Another example would be if one person asks another if they ‘want to Grab or Gojek back’. The implied meaning here is a request to share a taxi ride home, using the local context that Grab and Gojek are ride-hailing services based in Southeast Asia.

Q: Why does exploring cultural commonsense matter in AI?

For one, when it comes to AI technologies meant to interface with people of different cultural backgrounds, it might be useful for those AIs to be cognizant of social and cultural norms. This would allow them to better serve people’s needs and avoid social faux pas when deployed.

Another thing is that a current paradigm of AI is the use of large language models which are pretrained on massive corpora of data from the internet. Challenges could arise from complex tasks that require commonsense knowledge, because it’s an implicit kind of knowledge; it exists in a dimension outside a corpus of raw text.

There’s also the fact that cultural information isn’t limited to text. Visual information (like gestures) and aural information (like accents) can tell you a lot about the person you’re interacting with. The scope of my research is primarily concerned with natural language as that modality alone has many aspects of cultural nuance to be explored, such as metaphors and colloquial expressions.

Q: What are some challenges in developing AI systems that understand culture?

To computationally model cross-cultural knowledge (which, as mentioned, can be anecdotal in nature) at scale is still a relatively open problem. The nature of culture itself is very hard to pin down. Many dimensions such as religion, ethnicity and the region of one’s upbringing (e.g., South versus North India) can intersect and interact with each other.

Furthermore, culture is fluid and can evolve over time; this means that the cultural knowledge available to an AI system can become dated. This ties into a phenomenon known as ‘concept drift’, where changes in the data might cause an AI model trained on a previous version of the data to become inaccurate.

Ethical challenges can also occur when AI systems apply cultural knowledge, like the risk of cultural knowledge being used to stereotype people. Nonetheless, there is substantial research being done to mitigate social bias in AI.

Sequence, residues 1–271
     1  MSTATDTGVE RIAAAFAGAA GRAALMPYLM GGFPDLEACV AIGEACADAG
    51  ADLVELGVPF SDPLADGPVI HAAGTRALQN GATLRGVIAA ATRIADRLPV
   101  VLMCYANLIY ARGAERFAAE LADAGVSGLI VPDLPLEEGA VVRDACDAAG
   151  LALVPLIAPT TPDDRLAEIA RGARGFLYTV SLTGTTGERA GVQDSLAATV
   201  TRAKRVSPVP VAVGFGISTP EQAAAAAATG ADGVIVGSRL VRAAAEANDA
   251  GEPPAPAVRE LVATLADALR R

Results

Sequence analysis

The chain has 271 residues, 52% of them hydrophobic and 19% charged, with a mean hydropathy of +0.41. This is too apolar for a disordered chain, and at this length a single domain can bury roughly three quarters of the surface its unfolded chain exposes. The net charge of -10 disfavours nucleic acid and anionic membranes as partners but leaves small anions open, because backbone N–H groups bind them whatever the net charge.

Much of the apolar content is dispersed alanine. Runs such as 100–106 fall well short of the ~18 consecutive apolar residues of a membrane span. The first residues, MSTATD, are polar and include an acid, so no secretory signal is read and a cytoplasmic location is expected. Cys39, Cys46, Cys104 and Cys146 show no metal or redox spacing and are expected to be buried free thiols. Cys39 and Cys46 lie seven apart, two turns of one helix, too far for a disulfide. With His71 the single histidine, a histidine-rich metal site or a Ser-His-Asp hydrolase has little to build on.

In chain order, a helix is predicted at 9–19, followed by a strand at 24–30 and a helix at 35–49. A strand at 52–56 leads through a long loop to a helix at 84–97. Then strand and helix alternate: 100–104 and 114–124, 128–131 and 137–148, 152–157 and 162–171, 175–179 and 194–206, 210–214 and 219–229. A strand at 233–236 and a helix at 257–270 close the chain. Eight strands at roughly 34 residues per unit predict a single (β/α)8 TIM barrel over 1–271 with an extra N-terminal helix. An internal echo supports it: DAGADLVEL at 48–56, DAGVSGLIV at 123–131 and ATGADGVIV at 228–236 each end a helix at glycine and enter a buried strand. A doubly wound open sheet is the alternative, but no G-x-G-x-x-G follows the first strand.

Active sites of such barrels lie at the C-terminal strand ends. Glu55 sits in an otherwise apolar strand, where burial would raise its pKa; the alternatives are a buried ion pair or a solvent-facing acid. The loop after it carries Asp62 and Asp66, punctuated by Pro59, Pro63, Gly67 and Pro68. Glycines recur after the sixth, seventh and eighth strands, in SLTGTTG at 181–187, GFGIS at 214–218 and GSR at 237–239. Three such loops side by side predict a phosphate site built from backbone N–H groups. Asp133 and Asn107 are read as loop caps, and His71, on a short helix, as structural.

Q: Could you describe a current project you are working on?

Currently I’m conducting a literature review of sentiment analysis research in various languages used on the internet. The aim is to analyse the current state of research in each of those languages and identify any potential areas of innovation.

In this area, culture plays a part as well. For example, some studies note that Japanese users tend to be reluctant to provide negative or strongly-worded opinions in product reviews, possibly due to cultural reasons. Consequently, the next step would be to investigate how such insights could be leveraged to enhance sentiment analysis.

Q: How might your work advance Singapore’s future AI capabilities?

I hope to develop a framework that can help AIs automatically acquire and distil cultural knowledge. The next stage would be to develop models that can apply that cultural knowledge to a downstream task, such as cyberbullying detection in social media, or sentiment analysis of forums that contain cultural expressions. An example is Hardware Zone, a Singapore-based internet portal for the discussion of tech-related topics.

Ultimately, the grand vision (so to speak) is to design an AI cultural-knowledge framework that could be applied across many different cultures.

Q: What advice would you offer young STEM talents interested in AI?

As a senior once told me, it’s good to socialise with scientists and various stakeholders in industry, as this can provide opportunities for discovering new ideas or breakthroughs. On the technical side, it’s also important to scrutinise the details of how various AI models are implemented to better understand what features or modules are responsible for providing the models’ functionalities.

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This article was made for A*STAR Research by Wildtype Media Group